Sliding down the slippery slope/ Although Grier is not an economist, he uses the public choice framework to explain why some cigar bars in Oregon (where he lives) are allowed and others are not. To be allowed to exist, cigar bars must document that they sold tobacco before 2006, don’t have more than 40 seats, must be licensed to sell liquor (not just beer and wine), and must have a humidor present. These rules, he notes, accomplish three goals: keep wealthier (and presumably more politically powerful) cigar smokers happy, allow a few businesses to stay in existence, and protect those businesses from other competition.

Grier also tells the story of a hypocritical Washington, DC city councilman named Jack Evans, who voted in favor of the city’s smoking ban but pushed through an exception that accommodates a cigar dinner held by the Friendly Sons of Saint Patrick, a charitable and social organization to which Evans belongs. Evans’s razor‐​sharp logic for the exception? “To eliminate cigars would be ludicrous.”

Libertarian critics of tough regulations often argue that they put us on a slippery slope to even more extreme regulations. Grier points out that the more extreme proponents of smoking regulations are doing this. He quotes one Vox writer’s proposal that indoor smoking be banned “everywhere — inside bars, restaurants, your home. Full stop” (italics in original). Grier responds, “The writers at Vox deserve a perverse sort of credit for gliding down the slippery slope that smoking ban opponents have long warned against.”

A standard idea in public health policy is that if a product causes harm, it should be regulated or banned. Those who advocate such an idea often claim the mantle of science. Grier points out the problem: “To treat the debate over smoking bans as entirely a question of science is to make a basic category error.” The science, even if it weren’t so sketchy, is simply an input. It cannot resolve issues of rights. Do waiters and waitresses have the right to work in bars and restaurants that allow smoking? Grier maintains that they do. He points out that the fatality rate for fishermen seeking West Coast Dungeness crabs is almost 80 times higher than the average fatality rate for U.S. workers, but no one advocates not allowing fishermen to catch Dungeness crabs. I would also point out that when I discussed this issue in a class of military officers years ago, one of my students, who had worked in a bar, said that even though she hated breathing cigarette smoke, it had been worth it to her because smokers tended to pay much bigger tips. That’s the market at work.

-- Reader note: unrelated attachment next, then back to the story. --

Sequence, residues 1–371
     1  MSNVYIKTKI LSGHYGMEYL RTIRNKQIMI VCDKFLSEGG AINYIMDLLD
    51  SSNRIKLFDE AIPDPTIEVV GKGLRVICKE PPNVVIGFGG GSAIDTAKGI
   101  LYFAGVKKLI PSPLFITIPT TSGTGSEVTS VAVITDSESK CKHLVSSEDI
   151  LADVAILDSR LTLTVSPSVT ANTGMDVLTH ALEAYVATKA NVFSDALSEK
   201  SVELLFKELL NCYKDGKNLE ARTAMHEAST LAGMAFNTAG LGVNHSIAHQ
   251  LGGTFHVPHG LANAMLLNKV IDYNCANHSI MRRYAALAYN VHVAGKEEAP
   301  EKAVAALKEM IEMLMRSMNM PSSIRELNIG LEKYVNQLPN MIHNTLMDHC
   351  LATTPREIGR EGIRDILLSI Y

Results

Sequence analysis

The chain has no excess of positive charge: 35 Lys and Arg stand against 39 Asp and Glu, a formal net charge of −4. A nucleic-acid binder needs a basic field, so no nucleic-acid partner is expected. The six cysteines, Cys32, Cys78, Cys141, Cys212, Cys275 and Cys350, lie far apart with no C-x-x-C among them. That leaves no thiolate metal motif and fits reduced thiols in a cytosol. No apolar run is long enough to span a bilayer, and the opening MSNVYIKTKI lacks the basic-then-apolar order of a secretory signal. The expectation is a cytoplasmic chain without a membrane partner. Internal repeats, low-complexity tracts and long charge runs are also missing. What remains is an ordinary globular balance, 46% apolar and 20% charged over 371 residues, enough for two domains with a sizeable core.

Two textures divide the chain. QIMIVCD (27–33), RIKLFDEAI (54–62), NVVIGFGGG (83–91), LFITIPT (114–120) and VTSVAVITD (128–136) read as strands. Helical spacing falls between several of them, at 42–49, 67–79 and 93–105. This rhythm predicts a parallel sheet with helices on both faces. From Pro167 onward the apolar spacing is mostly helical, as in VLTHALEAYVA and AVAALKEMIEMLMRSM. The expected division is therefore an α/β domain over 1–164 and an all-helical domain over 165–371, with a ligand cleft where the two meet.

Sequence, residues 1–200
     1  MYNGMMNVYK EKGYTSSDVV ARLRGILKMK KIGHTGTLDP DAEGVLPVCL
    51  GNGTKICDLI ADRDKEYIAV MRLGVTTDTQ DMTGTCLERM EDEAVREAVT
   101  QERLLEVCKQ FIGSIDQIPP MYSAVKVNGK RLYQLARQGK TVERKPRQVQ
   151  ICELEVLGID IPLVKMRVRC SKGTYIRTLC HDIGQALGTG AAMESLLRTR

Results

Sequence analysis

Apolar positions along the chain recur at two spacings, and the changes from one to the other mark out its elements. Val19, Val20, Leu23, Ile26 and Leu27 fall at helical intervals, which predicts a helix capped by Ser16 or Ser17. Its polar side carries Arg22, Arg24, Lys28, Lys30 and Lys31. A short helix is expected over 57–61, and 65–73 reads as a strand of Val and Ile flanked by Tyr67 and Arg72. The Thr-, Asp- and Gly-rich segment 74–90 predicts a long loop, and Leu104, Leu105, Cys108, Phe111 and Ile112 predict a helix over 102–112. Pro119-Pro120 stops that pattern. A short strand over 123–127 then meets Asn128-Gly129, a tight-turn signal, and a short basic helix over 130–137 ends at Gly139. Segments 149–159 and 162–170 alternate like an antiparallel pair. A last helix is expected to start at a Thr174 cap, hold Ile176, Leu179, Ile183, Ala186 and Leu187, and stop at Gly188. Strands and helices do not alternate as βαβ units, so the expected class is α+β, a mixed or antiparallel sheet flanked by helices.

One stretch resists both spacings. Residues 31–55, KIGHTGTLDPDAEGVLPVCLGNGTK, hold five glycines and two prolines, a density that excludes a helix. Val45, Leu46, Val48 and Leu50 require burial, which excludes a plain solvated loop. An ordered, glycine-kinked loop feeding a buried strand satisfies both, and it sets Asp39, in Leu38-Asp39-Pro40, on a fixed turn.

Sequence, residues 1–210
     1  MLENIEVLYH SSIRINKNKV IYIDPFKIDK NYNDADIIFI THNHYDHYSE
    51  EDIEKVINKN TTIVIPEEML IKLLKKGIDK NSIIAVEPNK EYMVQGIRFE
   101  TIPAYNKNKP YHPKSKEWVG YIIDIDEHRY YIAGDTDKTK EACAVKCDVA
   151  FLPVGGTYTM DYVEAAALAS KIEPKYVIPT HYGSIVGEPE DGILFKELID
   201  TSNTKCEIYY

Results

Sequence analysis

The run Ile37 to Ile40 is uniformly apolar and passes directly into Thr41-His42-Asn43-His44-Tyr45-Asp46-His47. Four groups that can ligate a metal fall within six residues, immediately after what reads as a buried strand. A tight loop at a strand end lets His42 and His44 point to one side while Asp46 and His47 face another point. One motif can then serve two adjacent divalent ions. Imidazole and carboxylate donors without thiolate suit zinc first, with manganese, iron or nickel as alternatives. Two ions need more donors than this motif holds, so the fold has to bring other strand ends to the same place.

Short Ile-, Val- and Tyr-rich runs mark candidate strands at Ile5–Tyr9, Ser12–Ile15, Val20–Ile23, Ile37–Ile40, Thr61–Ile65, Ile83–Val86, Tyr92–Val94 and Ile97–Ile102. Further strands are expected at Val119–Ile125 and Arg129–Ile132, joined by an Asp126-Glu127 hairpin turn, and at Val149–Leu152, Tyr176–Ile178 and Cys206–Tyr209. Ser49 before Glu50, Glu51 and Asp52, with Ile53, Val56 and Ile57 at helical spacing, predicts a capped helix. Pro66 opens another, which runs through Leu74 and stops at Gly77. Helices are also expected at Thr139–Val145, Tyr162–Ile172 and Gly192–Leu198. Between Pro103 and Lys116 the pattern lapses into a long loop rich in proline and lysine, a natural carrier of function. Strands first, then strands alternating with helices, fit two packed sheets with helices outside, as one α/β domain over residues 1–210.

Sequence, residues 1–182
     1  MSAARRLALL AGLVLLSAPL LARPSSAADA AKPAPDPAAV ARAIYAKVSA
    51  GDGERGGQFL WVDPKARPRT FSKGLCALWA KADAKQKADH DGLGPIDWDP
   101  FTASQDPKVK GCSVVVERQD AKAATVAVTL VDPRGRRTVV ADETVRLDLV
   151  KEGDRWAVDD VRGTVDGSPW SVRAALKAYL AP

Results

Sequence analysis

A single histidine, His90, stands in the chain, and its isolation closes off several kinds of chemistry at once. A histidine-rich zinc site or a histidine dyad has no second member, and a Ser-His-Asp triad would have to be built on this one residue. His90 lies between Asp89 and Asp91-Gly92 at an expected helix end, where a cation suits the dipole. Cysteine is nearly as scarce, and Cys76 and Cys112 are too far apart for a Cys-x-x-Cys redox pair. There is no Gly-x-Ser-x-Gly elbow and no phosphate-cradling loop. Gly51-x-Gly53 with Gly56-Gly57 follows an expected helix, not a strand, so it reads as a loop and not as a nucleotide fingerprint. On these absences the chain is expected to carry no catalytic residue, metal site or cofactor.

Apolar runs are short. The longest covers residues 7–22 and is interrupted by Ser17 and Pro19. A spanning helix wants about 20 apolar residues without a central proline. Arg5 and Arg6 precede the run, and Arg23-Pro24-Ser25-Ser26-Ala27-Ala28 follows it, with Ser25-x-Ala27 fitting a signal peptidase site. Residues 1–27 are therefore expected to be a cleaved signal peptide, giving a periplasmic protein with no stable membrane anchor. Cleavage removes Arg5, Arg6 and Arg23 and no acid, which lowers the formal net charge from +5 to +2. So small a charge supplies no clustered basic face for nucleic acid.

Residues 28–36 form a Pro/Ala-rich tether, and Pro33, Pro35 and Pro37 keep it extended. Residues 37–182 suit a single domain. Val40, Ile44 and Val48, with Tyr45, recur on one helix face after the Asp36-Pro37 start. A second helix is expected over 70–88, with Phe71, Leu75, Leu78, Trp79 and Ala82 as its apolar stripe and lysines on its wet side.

Marlboro monopoly/ Grier also offers an interesting discussion of the Tobacco Control Act of 2009, which, he notes, other tobacco companies refer to as the “Marlboro Monopoly Act.” When the law passed, Philip Morris’s Marlboro brand accounted for 40% of U.S. cigarette sales. The law exempted the menthol flavor, which Philip Morris uses, and forbade flavors used by competitors R.J. Reynolds and Brown & Williamson.

The law treats cigarettes like drugs, giving the Food and Drug Administration the power to say no to any new tobacco products. Cigarette companies must submit their applications to sell “substantially equivalent” products 90 days before they plan to sell. Of 3,500 substantial equivalence applications submitted in the four years after the law took effect, the FDA, with over 100 employees reviewing them, had issued exactly zero rulings. In one case involving a small company, the FDA responded to an application by asking what the product’s “heating source” was. This was a simple stalling tactic; Grier notes that it is well known that cigarettes are heated with fire. The law does seem pretty clearly aimed at limiting competition.

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About the Author
David R. Henderson

Research Fellow, Hoover Institute